Some generalizations concerning the government's disclosure obligations with respect to personnel or disciplinary information are possible. However, when formulating agency policies concerning what information will be shared, it is incumbent on police legal advisors and prosecutors to review the relevant case law in their jurisdictions. Generally, relevant portions of documents containing the following categories of information should be provided to prosecutors:(28)

* Any finding of misconduct, such as a disciplinary letter, that reflects on the officer-witness' truthfulness

* Any finding of misconduct that indicates that the officer-witness may be biased

* Any credible allegation of misconduct, subject of a pending investigation, that reflects on the truthfulness or possible bias of the officer-witness, and

* Any past criminal charge or pending criminal charge brought against the officer-witness.

Allegations of misconduct that are unsubstantiated or result in the officer's exoneration generally are not considered impeachment material, and thus, need not be shared with the prosecutor. However, cases may arise where consideration should be given to disclosing the information to the prosecutor, particularly where the officer's credibility is significant to the prosecution. Some courts have required a review of a personnel file by the trial court judge for possible impeachment material, even where the officer has been exonerated.(29)

Need for Coordination and Communication

As a result of Kyles and the Court's imposition of a duty to learn of Brady-Giglio material, it is apparent that prosecutors and law enforcement agencies need to establish guidelines to ensure that prosecutors receive sufficient information concerning law enforcement witnesses to meet their discovery obligations. Prosecutors also should be made aware of the sensitive professional and privacy interests at stake and the need to maintain the confidentiality of personnel and disciplinary matters, unless disclosure is required.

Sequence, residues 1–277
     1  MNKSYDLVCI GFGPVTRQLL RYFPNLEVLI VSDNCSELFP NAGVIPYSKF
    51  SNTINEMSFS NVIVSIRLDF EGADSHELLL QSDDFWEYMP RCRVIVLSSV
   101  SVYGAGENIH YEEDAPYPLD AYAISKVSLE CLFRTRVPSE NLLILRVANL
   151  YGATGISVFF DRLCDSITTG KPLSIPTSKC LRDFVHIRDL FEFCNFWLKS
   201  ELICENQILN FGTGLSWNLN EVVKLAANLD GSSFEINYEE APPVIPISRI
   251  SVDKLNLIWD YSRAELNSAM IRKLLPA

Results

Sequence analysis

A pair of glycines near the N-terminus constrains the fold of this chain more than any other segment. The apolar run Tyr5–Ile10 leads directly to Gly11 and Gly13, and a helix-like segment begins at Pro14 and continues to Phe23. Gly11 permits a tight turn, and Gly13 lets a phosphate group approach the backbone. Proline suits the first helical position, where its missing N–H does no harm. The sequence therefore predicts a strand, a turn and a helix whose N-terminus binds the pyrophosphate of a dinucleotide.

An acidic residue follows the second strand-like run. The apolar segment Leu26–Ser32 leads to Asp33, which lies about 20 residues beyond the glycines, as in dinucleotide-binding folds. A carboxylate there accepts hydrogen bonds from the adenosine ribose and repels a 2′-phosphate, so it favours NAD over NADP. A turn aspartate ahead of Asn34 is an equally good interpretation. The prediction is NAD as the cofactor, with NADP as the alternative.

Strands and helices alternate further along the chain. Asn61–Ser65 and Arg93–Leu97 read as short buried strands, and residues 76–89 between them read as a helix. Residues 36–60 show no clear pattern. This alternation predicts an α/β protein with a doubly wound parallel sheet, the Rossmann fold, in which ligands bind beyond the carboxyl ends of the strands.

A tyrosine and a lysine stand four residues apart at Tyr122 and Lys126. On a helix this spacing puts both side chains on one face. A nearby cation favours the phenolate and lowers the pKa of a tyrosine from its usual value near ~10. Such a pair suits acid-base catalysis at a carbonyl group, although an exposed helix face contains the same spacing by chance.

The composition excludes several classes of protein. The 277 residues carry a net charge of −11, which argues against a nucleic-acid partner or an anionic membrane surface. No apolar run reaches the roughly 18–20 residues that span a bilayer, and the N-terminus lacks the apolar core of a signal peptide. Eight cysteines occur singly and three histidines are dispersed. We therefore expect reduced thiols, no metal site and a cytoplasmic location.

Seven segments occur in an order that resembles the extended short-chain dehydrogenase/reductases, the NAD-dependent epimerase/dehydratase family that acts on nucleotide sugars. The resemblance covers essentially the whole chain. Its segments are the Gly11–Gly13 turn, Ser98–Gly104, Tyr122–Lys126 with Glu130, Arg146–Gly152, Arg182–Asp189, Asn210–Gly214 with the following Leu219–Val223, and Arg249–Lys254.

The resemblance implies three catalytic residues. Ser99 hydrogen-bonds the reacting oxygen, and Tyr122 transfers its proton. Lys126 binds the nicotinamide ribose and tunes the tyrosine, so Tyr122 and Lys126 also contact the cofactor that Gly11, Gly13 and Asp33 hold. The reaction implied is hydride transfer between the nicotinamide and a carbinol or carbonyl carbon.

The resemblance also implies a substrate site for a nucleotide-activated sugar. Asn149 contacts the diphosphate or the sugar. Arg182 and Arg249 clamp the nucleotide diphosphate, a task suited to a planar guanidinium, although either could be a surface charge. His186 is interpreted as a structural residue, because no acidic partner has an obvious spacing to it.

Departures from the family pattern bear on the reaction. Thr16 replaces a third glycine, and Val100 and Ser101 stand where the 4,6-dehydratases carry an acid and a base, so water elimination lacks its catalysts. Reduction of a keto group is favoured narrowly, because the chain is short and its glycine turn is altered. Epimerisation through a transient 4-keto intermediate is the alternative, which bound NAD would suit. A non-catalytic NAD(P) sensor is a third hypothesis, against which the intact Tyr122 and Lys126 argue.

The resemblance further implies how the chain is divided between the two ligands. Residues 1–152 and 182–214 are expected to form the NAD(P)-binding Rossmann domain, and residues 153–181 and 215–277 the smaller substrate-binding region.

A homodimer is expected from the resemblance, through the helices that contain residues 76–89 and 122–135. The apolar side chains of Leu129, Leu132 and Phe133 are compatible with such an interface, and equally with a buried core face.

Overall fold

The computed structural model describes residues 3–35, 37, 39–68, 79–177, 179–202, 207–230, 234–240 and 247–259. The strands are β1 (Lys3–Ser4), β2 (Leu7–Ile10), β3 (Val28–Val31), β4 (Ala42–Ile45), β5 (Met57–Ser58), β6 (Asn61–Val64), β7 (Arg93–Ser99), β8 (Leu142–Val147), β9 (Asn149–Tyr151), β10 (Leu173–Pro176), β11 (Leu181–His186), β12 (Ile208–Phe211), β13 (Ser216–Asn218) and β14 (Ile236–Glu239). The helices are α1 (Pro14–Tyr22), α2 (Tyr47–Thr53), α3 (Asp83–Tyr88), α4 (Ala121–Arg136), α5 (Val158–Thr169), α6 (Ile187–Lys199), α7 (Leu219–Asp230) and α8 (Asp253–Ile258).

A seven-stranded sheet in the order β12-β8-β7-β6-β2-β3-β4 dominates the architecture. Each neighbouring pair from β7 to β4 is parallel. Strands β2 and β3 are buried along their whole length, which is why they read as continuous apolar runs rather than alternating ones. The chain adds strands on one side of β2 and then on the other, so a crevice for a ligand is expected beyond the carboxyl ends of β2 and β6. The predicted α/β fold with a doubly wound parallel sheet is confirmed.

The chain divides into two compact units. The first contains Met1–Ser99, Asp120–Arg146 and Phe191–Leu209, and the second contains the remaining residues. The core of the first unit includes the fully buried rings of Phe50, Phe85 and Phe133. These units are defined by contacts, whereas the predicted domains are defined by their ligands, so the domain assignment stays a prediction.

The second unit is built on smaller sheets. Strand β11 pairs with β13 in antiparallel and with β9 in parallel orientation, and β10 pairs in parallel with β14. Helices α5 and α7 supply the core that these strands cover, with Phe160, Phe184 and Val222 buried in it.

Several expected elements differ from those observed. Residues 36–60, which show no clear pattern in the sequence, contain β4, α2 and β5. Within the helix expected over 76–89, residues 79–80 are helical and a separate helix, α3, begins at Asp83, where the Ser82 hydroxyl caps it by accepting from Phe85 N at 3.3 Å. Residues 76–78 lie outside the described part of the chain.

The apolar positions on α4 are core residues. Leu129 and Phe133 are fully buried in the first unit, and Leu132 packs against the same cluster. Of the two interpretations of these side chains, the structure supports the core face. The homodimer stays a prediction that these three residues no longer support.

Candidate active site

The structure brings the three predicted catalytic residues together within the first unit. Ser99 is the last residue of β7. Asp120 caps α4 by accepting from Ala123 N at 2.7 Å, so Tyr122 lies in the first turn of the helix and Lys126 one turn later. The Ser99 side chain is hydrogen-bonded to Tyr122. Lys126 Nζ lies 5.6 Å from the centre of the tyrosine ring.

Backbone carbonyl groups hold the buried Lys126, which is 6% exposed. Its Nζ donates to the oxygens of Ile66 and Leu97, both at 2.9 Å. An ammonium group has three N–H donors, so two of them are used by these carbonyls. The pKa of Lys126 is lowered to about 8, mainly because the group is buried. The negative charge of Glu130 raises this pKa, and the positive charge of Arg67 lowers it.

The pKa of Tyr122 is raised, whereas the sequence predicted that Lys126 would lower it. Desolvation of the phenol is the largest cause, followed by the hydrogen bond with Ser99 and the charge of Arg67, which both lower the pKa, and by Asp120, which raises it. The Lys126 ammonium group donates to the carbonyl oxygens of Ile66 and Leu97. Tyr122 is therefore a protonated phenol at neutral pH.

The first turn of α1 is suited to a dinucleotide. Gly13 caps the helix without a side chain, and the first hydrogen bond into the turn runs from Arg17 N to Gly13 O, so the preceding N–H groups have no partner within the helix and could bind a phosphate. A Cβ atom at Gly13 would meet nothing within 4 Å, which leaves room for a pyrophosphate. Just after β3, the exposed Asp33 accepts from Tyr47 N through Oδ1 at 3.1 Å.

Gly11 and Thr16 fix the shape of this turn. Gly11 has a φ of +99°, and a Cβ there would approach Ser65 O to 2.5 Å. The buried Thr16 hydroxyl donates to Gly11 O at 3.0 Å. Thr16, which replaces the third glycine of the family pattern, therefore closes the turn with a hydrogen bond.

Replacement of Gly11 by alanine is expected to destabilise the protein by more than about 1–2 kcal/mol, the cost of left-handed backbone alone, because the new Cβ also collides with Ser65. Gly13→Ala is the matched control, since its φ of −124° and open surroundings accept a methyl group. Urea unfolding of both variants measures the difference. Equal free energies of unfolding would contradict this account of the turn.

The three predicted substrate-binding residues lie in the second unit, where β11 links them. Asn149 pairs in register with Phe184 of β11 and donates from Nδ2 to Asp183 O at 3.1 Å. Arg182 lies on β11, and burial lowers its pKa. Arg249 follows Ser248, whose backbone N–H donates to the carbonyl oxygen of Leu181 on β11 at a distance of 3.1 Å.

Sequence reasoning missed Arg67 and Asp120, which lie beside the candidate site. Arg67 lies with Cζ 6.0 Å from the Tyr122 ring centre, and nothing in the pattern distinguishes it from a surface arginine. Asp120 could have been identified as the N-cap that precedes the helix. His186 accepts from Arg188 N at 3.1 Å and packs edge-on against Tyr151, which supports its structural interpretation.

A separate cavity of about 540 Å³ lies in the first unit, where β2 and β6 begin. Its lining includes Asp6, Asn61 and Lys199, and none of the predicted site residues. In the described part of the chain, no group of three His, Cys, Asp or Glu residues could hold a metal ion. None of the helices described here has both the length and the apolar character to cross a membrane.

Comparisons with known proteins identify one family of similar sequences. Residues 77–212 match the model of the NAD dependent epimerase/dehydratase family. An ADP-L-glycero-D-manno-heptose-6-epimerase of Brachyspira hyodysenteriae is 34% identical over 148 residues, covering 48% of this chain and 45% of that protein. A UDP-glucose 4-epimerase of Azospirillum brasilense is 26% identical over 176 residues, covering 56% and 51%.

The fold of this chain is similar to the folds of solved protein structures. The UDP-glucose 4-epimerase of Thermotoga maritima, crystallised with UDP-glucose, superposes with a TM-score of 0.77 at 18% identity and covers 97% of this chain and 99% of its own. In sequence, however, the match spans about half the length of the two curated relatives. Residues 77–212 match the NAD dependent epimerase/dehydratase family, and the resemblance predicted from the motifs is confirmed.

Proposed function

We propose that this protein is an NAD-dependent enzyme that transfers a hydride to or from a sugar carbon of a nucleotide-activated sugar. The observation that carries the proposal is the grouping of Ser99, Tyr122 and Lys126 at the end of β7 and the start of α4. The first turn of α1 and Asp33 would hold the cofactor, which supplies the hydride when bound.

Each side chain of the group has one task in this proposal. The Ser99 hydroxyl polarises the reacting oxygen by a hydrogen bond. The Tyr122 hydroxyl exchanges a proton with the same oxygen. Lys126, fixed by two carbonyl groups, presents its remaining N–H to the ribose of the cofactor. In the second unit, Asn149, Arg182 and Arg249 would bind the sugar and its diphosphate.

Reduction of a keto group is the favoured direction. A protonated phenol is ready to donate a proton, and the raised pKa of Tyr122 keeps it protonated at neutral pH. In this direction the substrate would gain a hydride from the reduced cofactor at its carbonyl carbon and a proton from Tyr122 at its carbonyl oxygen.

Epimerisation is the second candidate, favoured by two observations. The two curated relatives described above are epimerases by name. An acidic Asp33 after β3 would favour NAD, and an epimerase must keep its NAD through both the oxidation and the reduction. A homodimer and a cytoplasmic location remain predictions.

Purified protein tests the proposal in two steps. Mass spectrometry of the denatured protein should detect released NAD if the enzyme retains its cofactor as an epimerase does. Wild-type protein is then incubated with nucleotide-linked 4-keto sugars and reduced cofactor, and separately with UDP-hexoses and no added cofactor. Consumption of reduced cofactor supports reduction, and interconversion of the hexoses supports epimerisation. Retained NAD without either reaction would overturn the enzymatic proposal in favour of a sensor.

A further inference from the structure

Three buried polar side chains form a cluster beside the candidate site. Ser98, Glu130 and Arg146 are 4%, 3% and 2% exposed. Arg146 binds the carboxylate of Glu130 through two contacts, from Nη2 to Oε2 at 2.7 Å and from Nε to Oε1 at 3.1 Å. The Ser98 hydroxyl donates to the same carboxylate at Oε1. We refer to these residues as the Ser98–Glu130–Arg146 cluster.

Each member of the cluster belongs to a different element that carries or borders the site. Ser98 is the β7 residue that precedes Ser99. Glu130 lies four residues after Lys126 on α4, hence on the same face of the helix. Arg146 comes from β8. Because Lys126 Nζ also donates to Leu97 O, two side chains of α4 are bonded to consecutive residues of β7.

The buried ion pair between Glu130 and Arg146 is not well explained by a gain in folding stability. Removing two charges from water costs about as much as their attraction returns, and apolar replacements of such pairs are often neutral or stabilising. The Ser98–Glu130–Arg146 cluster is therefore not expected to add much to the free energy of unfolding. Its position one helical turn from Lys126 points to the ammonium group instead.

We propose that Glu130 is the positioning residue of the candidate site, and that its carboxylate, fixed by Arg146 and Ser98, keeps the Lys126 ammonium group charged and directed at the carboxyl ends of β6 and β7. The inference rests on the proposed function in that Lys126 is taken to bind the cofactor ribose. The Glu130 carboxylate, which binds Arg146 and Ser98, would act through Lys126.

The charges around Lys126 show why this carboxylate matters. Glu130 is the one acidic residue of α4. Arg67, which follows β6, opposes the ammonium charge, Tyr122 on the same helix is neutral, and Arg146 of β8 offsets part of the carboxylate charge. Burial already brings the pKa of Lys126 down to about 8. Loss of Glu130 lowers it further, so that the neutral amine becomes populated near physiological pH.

Prosecutors and law enforcement agencies may find it beneficial to discuss the government's obligation to provide personnel and disciplinary information in their jurisdictions and perhaps create a formal policy to foster consistency in resolving this difficult issue. Suggested topics of discussion include: 1) The types of disciplinary information that must be disclosed; 2) the degree of certainty that misconduct has occurred, which triggers disclosure; 3) the stage in the investigation when disclosure must be made; and 4) the extent to which prosecutors may retain law enforcement personnel information in their systems of records for future retrieval.

Agencies also should inform officers and other investigative personnel of their responsibility to advise prosecutors with whom they are working of potential impeachment information prior to testifying. As part of court-ordered discovery, a prosecutor also may request a particular employee's personnel file be reviewed for potential impeachment material.(30) Procedures should be developed detailing how this request is made, whether there should be a showing that the employee is likely to testify, who in the agency should process the request and review the file, and what is the appropriate form of response.


The constitutional duty to disclose exculpatory information to the defense plainly includes some law enforcement personnel information. Determining the extent to which the government has an obligation to provide personnel and disciplinary information concerning officers who may testify is a complicated endeavor, not subject to simple generalizations and often raising sensitive privacy and professional issues. It is, therefore, essential that law enforcement agencies and prosecutors develop policies to guide the resolution of this issue and to provide notice to officers as to what information will be subject to discovery.


1 Kyles v. Whitley, 115 S. Ct. 1555, 1568 (1995).

2 Kyles at 1568, quoting Burger v. United States, 295 U.S. 78, 88 (1935).

3 See Giglio v. United States, 405 U.S. 150; Napue v. Illinois, 360 U.S. 264 (1959); United States v. Smith, 77 F.3d 511 (D.C. Cir. 1996).

4 United States v. Agurs, 427 U.S. 97, 106 (1976).

5 373 U.S. 83 (1963).

6 Giglio v. United States, 405 U.S. 150 (1963).